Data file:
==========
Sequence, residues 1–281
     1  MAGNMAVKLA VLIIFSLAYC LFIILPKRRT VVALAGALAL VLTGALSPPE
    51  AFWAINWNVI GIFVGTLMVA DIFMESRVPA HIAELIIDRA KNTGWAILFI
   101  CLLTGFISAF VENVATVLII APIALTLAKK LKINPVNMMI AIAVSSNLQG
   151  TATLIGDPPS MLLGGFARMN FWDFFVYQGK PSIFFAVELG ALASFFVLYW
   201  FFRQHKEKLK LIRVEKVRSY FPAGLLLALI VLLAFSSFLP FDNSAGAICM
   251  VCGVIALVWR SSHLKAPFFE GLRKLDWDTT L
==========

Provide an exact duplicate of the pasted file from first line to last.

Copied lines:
Sequence, residues 1–281
     1  MAGNMAVKLA VLIIFSLAYC LFIILPKRRT VVALAGALAL VLTGALSPPE
    51  AFWAINWNVI GIFVGTLMVA DIFMESRVPA HIAELIIDRA KNTGWAILFI
   101  CLLTGFISAF VENVATVLII APIALTLAKK LKINPVNMMI AIAVSSNLQG
   151  TATLIGDPPS MLLGGFARMN FWDFFVYQGK PSIFFAVELG ALASFFVLYW
   201  FFRQHKEKLK LIRVEKVRSY FPAGLLLALI VLLAFSSFLP FDNSAGAICM
   251  VCGVIALVWR SSHLKAPFFE GLRKLDWDTT L